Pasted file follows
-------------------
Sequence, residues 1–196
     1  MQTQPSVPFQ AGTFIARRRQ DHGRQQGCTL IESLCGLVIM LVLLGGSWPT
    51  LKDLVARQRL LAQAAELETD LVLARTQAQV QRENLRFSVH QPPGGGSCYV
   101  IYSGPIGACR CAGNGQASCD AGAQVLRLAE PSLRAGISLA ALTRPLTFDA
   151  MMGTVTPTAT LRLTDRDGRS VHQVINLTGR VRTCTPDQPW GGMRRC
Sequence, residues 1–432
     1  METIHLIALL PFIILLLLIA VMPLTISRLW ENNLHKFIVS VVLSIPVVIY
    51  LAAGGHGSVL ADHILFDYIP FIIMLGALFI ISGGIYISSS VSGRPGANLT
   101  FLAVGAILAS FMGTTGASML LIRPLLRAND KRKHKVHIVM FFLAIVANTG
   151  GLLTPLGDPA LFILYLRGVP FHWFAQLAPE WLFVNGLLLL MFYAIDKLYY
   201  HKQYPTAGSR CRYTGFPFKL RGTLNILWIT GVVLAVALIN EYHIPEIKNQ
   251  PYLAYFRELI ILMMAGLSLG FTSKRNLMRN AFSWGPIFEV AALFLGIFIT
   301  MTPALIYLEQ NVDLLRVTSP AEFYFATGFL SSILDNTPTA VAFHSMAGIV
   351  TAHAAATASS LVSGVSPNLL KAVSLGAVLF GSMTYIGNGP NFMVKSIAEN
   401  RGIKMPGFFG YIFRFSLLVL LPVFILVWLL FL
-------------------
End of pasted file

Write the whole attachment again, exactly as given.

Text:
Sequence, residues 1–196
     1  MQTQPSVPFQ AGTFIARRRQ DHGRQQGCTL IESLCGLVIM LVLLGGSWPT
    51  LKDLVARQRL LAQAAELETD LVLARTQAQV QRENLRFSVH QPPGGGSCYV
   101  IYSGPIGACR CAGNGQASCD AGAQVLRLAE PSLRAGISLA ALTRPLTFDA
   151  MMGTVTPTAT LRLTDRDGRS VHQVINLTGR VRTCTPDQPW GGMRRC
Sequence, residues 1–432
     1  METIHLIALL PFIILLLLIA VMPLTISRLW ENNLHKFIVS VVLSIPVVIY
    51  LAAGGHGSVL ADHILFDYIP FIIMLGALFI ISGGIYISSS VSGRPGANLT
   101  FLAVGAILAS FMGTTGASML LIRPLLRAND KRKHKVHIVM FFLAIVANTG
   151  GLLTPLGDPA LFILYLRGVP FHWFAQLAPE WLFVNGLLLL MFYAIDKLYY
   201  HKQYPTAGSR CRYTGFPFKL RGTLNILWIT GVVLAVALIN EYHIPEIKNQ
   251  PYLAYFRELI ILMMAGLSLG FTSKRNLMRN AFSWGPIFEV AALFLGIFIT
   301  MTPALIYLEQ NVDLLRVTSP AEFYFATGFL SSILDNTPTA VAFHSMAGIV
   351  TAHAAATASS LVSGVSPNLL KAVSLGAVLF GSMTYIGNGP NFMVKSIAEN
   401  RGIKMPGFFG YIFRFSLLVL LPVFILVWLL FL